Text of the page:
Eighth Grade – Review

Anyone who’s aware of who Bo Burnham is either from YouTube or his stand-up specials was at first shocked to find out he was making a movie about a girl in Eighth Grade but after having seen it, nothing makes more sense.

Eighth Grade introduces the world to Elsie Fisher who inhabits and shines as Kayla Day. Kayla is about to leave middle school and while life hasn’t treated her fairly, she’s still optimistic about her future.

Everyone vaguely remembers middle school, and it sucks. Some unfortunately have it worse than others, but no one thinks of it fondly. I was fortunate enough to leave it with friends, and I also had my cousins who protected me and welcomed me to their school when I showed up in Grade 5, while they had already been there since they started. Kayla isn’t as lucky as I was.

She’s leaving her school alone, as she doesn’t have friends. She doesn’t have friends because she’s shy and quiet, but if you got to know her, you’d know that she’s not really quiet. But it’s hard to know her when there’s no way to meet the real her, and that’s hard to meet when she isn’t even aware of who that is. It’s a vicious cycle, and one who has anxiety knows how easy it is to get lost in them.

Kayla is extremely wise for her age, and this shines in her YouTube vlogs as she gives advice that runs contradictory to her own life and events. The fact that she does this, shows her positivity and optimism for the future even after people make fun of her at a birthday party that she was awkwardly invited to.

Kayla is the type of person you would do anything to protect, keep pure and precious. For the first time, I could relate to what that it might be to want to be a parent, and to protect someone at every cost.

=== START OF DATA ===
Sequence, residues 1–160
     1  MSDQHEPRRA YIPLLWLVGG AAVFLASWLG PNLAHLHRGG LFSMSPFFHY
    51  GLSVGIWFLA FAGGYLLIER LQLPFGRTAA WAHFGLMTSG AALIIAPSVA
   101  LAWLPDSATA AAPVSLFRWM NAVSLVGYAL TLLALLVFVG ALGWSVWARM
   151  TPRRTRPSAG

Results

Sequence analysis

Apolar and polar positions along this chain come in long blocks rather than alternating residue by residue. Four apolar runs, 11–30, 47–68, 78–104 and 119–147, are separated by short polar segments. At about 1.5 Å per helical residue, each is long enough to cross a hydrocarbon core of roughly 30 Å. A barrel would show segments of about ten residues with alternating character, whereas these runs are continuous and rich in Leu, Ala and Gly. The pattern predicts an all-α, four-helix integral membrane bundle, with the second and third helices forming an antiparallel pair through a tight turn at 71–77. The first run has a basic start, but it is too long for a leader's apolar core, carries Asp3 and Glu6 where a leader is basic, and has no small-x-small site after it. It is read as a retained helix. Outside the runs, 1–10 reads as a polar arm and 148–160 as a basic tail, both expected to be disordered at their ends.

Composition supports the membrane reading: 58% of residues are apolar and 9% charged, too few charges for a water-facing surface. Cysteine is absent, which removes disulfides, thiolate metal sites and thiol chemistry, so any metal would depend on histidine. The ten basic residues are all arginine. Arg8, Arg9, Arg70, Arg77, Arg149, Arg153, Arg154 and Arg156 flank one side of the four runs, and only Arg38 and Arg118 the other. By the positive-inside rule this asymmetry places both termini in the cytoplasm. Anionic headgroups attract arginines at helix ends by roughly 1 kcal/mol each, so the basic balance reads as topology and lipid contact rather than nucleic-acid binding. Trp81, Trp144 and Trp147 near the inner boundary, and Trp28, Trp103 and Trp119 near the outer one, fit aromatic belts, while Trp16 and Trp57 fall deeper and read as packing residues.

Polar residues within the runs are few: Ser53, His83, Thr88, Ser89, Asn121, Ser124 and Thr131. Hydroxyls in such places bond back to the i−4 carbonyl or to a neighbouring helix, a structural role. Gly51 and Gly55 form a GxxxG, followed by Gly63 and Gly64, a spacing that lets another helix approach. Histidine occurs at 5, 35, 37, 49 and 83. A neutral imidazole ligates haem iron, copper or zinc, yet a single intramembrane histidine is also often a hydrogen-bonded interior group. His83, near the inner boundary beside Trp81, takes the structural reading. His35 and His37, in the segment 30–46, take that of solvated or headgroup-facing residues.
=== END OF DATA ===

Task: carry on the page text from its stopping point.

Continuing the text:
At first, it’s odd to think of a grown man who makes jokes about his anxiety to write and direct a film about what it’s like to be a 14 year-old girl, and while I can never be sure about how accurate the film may be in terms of what it’s like to be a 14 year-old girl in 2017, but I know it rings really true to what it was like to be a 14 year-old boy in 2007. And what it feels like to be a human.  Bo just shows us what it means to be a human being, flawed and hurt. And scared, so scared, just like everyone else. We all want love and support. And to be accepted.

Scenes from this film will stick with me throughout the year, and this film will as well. Trying to put into words about the film after seeing it brought me to tears. Travel back in time and remember what it was like to not know what the future has in store for you, and while that sounds all too familiar for anyone in their twenties, this time please remember what it’s like to be optimistic about it all. Everything will be gucci in the end.


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